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NASA's robotic mission control begins cutbacks

The Jet Propulsion Laboratory, which guides NASA's Mars rovers, is laying off hundreds of contractors and employees in anticipation of a shift away from robotic planetary missions.
/ Source: Reuters

The California space laboratory that guides NASA's Mars rover missions has begun laying off workers in anticipation of a budget shift away from planetary expeditions, a spokesman said  Thursday.

The Jet Propulsion Laboratory in Pasadena expects to shed 5 percent to 8 percent of its work force of 5,400, or about 300 contractors and employees, spokesman Blaine Baggett said.

JPL saw two missions canceled as a result of the budget realignment by NASA Administrator Michael Griffin, who plans to spend more money on missions to study Earth from space, Baggett said.

"We do Earth missions as well, so down the line we may get some of that (money)," Baggett said.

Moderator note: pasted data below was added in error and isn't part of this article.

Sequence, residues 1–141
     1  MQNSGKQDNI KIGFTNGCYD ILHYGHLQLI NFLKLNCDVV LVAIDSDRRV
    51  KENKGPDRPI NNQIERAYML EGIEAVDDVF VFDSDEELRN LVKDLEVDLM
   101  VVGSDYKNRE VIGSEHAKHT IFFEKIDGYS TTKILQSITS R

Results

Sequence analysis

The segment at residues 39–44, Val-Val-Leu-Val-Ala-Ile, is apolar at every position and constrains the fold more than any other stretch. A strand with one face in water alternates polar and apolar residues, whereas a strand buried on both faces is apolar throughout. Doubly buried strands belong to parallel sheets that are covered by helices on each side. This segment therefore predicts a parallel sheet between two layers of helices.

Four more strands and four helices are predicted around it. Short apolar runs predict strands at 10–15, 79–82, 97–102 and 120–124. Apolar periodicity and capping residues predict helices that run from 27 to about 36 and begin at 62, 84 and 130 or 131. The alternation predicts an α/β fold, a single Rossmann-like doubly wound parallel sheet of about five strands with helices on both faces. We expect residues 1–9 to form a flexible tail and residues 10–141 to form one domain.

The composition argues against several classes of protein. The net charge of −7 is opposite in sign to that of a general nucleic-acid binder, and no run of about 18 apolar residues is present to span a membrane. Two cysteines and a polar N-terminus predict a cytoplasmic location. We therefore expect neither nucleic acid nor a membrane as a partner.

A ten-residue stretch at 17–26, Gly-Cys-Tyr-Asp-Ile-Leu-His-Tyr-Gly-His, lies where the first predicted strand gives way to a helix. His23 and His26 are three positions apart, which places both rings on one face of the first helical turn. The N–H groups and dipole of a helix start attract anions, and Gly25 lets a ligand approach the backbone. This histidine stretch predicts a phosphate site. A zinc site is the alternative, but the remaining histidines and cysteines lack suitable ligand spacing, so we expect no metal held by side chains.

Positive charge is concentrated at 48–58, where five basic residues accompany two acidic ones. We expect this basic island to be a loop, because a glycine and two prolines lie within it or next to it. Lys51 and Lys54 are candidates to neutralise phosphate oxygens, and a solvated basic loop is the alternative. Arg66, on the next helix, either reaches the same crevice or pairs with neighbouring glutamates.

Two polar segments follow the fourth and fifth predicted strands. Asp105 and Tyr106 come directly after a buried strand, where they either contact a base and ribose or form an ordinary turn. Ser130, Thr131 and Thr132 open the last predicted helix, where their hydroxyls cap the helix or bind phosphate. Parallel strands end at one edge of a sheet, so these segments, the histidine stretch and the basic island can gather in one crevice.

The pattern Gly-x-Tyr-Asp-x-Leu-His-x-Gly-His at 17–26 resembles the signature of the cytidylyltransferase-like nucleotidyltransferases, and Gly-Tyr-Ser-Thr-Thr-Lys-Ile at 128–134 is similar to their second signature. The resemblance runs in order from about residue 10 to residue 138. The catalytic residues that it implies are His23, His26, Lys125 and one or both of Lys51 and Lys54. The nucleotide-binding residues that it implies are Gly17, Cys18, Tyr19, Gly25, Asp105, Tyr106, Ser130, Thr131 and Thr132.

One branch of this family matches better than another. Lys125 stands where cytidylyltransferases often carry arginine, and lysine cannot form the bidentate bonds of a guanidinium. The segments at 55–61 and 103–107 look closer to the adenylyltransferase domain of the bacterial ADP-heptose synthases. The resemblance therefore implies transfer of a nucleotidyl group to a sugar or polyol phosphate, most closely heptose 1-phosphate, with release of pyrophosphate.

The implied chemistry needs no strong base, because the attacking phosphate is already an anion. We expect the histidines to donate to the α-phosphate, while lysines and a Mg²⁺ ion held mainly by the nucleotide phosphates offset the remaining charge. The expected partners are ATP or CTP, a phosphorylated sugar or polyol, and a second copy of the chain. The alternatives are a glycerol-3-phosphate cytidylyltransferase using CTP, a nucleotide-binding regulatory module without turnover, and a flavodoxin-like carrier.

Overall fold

Canceled were the Prometheus mission to explore the icy moons of Jupiter, and the 2009 launch of a Mars telecommunications orbiter.

The job losses were not related to President Bush's goal of returning astronauts to the moon and setting up a moon base as a waystation for deeper space travel, Baggett said.

The last time the laboratory cut jobs was in 1999, he said.

The Jet Propulsion Laboratory plays a role in about two dozen missions. They include the twin Voyager missions launched in 1977 and heading out of the solar system; the Ulysses solar polar mission monitoring the sun; the Cassini-Huygens mission orbiting Saturn; the Stardust spacecraft that flew through a comet's tail and returns to Earth in January; and the Mars rovers as well as Mars Global Surveyor and the Mars Odyssey orbiter.